From the University of Iowa Technology Institute.
The University of Iowa Operator Performance Lab (OPL) provided flight testing for the capstone demonstration event for DARPA’s Pheme project.
Pheme is intended to create a low-cost, highly accurate air-to-air, air-to-ground, and communication-on-the-move network in which a direct signal transfers data communications between military positions. The project offers important communication security benefits by establishing a reliable and direct signal that is nearly impossible for opposing forces to detect.
“The Operator Performance Lab team is honored to be involved in so many important projects that benefit the defense of our nation,” said Tom “Mach” Schnell, professor of industrial and systems engineering, OPL director, and chief test pilot. “These significant projects also benefit OPL by attracting top level talent to our lab.”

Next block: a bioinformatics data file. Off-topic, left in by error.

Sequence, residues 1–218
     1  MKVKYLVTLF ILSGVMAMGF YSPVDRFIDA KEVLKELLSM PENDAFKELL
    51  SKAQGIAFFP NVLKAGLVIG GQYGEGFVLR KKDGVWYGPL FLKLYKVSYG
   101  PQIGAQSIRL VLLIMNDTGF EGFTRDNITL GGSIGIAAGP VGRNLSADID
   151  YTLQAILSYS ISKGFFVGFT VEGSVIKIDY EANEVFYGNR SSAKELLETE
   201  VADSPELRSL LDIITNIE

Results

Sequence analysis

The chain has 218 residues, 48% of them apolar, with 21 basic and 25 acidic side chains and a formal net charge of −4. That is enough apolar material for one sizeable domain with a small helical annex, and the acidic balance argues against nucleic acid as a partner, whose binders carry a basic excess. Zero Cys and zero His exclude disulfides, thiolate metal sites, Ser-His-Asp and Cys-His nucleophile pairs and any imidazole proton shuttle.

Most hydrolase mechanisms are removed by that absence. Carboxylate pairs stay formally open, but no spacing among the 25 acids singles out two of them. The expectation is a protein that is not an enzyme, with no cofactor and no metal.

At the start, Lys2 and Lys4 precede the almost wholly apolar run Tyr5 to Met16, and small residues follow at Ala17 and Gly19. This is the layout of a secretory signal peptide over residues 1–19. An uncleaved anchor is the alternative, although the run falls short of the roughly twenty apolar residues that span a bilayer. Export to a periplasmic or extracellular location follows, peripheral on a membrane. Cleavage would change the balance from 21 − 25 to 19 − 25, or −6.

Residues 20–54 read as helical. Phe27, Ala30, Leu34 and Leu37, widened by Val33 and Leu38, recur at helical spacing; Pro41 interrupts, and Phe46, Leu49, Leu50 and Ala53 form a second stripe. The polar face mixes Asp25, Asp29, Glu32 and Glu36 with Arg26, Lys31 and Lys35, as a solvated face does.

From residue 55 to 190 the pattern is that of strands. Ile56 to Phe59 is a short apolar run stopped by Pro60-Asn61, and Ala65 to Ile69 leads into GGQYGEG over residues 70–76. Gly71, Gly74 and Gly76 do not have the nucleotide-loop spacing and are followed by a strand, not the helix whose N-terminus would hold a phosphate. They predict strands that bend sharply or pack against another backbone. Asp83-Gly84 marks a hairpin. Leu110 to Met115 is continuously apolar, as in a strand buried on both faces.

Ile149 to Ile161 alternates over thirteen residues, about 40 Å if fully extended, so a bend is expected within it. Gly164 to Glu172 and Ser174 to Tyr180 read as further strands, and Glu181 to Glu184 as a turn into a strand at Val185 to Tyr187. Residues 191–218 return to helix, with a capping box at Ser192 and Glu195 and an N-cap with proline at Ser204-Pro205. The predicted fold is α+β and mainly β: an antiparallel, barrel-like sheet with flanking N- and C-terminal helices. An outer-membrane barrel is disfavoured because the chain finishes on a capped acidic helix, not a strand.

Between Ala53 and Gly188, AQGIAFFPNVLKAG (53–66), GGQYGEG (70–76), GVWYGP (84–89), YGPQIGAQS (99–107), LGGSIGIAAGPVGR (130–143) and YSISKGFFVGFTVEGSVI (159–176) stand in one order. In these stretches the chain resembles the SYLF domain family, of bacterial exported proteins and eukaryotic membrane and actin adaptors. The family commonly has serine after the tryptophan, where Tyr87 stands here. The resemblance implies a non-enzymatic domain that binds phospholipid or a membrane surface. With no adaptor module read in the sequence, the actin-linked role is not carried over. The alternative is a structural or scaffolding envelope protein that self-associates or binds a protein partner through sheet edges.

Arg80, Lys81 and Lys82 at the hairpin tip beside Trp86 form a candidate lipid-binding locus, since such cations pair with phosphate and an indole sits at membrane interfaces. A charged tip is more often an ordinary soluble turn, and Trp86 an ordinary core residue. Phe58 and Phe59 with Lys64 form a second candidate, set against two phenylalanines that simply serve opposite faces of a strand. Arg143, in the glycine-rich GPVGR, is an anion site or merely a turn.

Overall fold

OPL hosted officials from Collins Aerospace, the project lead; Defense Advanced Research Projects Agency (DARPA); Raytheon Technologies, the U.S. Army Aberdeen Proving Ground; and other government and private entities at the Iowa City Municipal Airport.
OPL’s two AV L-29 Delfin jets flew in a circular rotation around the airport where a mobile command station was based. Each position had directional radio arrays to relay data transfer.
With more than 20 years in operation, OPL is a go-to flight-testing laboratory for public and private sector partners around the nation to quickly and inexpensively evaluate new technology. OPL is sought after for its ability to problem-solve and respond quickly, its technical expertise, and its array of aircraft.
Based at the Iowa City Airport, OPL has two L-29s, a larger Aero L-39 Albatros jet, two MI-2 Hoplite helicopters, two piston aircraft, a Humvee, and an array of sensors, helmets, and simulator stations.